In Heinz v. Carrington Mortgage Services LLC, the Eighth Circuit held that the mere inclusion of boilerplate disclosure language does not transform an otherwise benign informational communication into one meant to induce payment by the debtor under the “animating purpose” test, which makes a holistic consideration of an individual communication’s purpose to determine whether it implicates the protections of the FDCPA.
Heinz filed a suit against Carrington in state court on June 8, 2018, alleging violation of the FDCPA and two state law causes of action. However, by the summary judgment stage, only the FDCPA claim remained. At that point, the district court granted summary judgment in favor of Carrington, concluding that Carrington’s communications and conduct while dealing with Heinz were not in connection with an attempt to collect a debt under the “animating purpose” test. Finding that Carrington could not be found by a jury to have made communications to Heinz with this purpose, the district court dismissed his claim.
On appeal, Heinz argued that the district court erroneously narrowed the “animating purpose” test. In particular, Heinz relied on the Supreme Court’s decision in Obduskey v. McCarthy & Holthus LLP to argue nonjudicial foreclosure is a debt collection activity and that each communication related to the foreclosure at issue was by extension an attempt to collect a debt. Rejecting this argument, the Eighth Circuit reasoned that “[a]lthough nonjudicial foreclosure is a debt collection activity, it does not follow that any communication generated during a nonjudicial foreclosure is made ‘in connection with the collection of a debt.'”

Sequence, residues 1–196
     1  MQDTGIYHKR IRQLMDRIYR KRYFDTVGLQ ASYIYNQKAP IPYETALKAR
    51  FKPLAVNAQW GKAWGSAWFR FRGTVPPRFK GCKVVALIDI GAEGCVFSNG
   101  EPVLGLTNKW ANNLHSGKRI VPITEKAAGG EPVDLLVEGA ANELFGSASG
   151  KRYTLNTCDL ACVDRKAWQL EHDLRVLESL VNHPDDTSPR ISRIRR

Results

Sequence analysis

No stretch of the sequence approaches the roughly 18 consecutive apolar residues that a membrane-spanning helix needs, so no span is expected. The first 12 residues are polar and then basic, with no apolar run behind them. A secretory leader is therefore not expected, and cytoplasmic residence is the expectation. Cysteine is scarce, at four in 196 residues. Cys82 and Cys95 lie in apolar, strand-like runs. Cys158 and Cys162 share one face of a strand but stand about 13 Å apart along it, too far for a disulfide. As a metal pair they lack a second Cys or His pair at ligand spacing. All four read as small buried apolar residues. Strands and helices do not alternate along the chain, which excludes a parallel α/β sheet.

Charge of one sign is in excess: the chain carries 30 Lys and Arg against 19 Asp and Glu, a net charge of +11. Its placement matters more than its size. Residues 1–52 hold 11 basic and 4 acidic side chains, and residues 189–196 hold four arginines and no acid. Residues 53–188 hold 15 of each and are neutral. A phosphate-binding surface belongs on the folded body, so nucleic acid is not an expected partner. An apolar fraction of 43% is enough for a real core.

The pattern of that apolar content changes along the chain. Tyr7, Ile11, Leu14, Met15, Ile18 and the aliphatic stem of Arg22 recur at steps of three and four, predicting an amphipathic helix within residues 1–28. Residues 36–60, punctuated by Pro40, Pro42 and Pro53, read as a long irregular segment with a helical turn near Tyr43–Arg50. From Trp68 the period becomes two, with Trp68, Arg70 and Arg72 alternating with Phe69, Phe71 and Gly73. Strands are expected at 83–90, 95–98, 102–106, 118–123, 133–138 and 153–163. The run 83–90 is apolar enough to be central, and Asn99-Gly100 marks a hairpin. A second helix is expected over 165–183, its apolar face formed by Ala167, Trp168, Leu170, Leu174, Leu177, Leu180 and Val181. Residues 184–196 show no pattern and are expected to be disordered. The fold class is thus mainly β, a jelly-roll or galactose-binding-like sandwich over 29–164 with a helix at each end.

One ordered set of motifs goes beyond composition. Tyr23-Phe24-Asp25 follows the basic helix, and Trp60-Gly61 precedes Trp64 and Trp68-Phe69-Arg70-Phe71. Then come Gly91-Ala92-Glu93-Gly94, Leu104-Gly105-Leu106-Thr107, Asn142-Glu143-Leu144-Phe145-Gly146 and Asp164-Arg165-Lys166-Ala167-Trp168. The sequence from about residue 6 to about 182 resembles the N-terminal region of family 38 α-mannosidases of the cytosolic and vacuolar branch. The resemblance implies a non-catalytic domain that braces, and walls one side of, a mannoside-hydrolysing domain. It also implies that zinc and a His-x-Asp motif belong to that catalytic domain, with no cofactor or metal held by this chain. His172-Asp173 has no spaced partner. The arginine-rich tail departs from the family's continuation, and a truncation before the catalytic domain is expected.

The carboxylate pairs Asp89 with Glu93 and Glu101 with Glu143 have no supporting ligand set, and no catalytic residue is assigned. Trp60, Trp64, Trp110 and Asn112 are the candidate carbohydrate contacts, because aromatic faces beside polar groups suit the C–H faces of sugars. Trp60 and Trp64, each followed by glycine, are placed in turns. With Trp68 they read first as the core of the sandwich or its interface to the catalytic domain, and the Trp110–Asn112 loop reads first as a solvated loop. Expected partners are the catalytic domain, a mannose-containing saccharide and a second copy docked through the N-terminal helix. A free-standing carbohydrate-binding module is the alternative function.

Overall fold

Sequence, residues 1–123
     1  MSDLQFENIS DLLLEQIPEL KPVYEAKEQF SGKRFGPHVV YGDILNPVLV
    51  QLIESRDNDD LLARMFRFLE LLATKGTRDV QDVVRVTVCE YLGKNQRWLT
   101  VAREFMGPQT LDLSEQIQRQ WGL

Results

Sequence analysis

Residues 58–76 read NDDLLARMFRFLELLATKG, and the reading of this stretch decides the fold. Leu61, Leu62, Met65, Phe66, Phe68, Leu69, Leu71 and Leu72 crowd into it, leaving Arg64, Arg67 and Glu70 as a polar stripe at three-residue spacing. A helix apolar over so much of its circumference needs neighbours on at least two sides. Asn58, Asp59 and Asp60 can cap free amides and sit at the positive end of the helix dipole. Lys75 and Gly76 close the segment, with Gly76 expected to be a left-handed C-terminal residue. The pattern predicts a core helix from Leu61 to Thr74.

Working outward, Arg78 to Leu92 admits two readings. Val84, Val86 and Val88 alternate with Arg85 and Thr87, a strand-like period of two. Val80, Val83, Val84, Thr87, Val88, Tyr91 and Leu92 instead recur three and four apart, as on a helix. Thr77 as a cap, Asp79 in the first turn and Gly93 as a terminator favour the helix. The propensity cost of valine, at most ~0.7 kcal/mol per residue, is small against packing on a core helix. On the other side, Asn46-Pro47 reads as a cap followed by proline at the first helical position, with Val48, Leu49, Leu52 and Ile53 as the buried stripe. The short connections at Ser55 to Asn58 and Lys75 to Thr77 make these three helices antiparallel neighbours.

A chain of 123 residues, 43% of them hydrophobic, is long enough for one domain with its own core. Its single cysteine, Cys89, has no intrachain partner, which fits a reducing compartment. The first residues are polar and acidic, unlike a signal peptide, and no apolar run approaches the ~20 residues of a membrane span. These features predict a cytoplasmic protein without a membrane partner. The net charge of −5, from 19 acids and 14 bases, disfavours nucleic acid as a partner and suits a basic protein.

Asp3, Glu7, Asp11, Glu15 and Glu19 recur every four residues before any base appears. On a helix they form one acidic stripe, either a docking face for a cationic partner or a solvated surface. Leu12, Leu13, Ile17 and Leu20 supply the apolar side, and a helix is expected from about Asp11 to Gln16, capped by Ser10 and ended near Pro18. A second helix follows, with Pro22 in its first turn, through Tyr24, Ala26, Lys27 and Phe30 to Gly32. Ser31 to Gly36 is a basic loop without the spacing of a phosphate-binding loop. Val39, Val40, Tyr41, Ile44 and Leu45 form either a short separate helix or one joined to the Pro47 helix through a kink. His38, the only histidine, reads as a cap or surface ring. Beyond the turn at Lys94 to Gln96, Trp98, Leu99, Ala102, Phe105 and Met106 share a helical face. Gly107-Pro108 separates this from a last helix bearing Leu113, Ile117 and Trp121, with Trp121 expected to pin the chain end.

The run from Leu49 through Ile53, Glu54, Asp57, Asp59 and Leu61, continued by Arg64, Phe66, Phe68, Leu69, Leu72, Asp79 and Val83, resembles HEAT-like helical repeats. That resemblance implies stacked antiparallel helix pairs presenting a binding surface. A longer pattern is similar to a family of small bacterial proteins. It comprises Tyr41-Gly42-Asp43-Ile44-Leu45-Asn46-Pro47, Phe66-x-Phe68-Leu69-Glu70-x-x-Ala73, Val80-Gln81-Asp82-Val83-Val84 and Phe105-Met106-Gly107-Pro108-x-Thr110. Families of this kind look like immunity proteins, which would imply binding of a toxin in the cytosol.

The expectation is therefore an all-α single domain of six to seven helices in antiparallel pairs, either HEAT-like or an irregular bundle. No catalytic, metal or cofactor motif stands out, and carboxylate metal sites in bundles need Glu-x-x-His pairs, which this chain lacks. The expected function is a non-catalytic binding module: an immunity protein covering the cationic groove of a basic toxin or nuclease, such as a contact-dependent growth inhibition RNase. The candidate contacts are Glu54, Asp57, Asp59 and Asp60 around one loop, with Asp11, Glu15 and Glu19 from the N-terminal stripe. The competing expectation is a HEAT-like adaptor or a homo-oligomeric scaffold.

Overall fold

The Eighth Circuit noted that “[a]lthough the [October 8] letter stated, ‘if your loan is delinquent collection activity may continue, including referral to foreclosure or foreclosure sale,’ this boilerplate, conditional reference to collection activities, which uses the word ‘if,’ does not mean that the letter was sent ‘in connection with the collection of a debt.'” Even more notable, the Eighth Circuit held that although each letter plainly stated that “[t]his communication is from a debt collector and it is for the purpose of collecting a debt and any information obtained will be used for that purpose,” the inclusion of such a boilerplate statement “[does] not automatically trigger the protections of the FDCPA, just as the absence of such [disclosures] does not have dispositive significance.” Because the “animating purpose” of the letters was not to induce Heinz to pay his outstanding debt, this boilerplate language did not turn the communication into debt collection activity despite the plain language stating otherwise.
This case provides debt collectors in the Eighth Circuit (and elsewhere) with excellent guidance on the appropriate use of boilerplate language in communications with debtors. Although it may seem contrary to the plain language of the FDCPA, the mere use of boilerplate language is (at least in the Eighth Circuit) insufficient to transform an informational communication into debt collection activity that might otherwise trigger the protections of the FDCPA.
To read more details of the case, click here.